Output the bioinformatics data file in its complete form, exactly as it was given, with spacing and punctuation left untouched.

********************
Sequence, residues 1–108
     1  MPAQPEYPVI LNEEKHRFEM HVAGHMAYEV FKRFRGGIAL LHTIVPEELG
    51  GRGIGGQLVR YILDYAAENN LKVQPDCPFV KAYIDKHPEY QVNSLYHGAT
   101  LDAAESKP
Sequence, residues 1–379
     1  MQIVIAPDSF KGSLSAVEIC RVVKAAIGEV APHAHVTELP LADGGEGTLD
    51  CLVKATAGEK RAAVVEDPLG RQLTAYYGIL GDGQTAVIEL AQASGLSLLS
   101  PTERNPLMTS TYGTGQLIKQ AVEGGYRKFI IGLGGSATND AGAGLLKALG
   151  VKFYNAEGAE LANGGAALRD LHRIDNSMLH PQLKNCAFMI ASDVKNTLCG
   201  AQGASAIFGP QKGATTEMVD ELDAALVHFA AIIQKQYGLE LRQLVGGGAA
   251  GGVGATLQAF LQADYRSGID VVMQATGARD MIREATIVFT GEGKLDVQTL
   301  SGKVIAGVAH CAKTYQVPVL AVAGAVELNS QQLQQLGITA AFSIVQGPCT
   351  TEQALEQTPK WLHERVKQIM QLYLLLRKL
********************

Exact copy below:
Sequence, residues 1–108
     1  MPAQPEYPVI LNEEKHRFEM HVAGHMAYEV FKRFRGGIAL LHTIVPEELG
    51  GRGIGGQLVR YILDYAAENN LKVQPDCPFV KAYIDKHPEY QVNSLYHGAT
   101  LDAAESKP
Sequence, residues 1–379
     1  MQIVIAPDSF KGSLSAVEIC RVVKAAIGEV APHAHVTELP LADGGEGTLD
    51  CLVKATAGEK RAAVVEDPLG RQLTAYYGIL GDGQTAVIEL AQASGLSLLS
   101  PTERNPLMTS TYGTGQLIKQ AVEGGYRKFI IGLGGSATND AGAGLLKALG
   151  VKFYNAEGAE LANGGAALRD LHRIDNSMLH PQLKNCAFMI ASDVKNTLCG
   201  AQGASAIFGP QKGATTEMVD ELDAALVHFA AIIQKQYGLE LRQLVGGGAA
   251  GGVGATLQAF LQADYRSGID VVMQATGARD MIREATIVFT GEGKLDVQTL
   301  SGKVIAGVAH CAKTYQVPVL AVAGAVELNS QQLQQLGITA AFSIVQGPCT
   351  TEQALEQTPK WLHERVKQIM QLYLLLRKL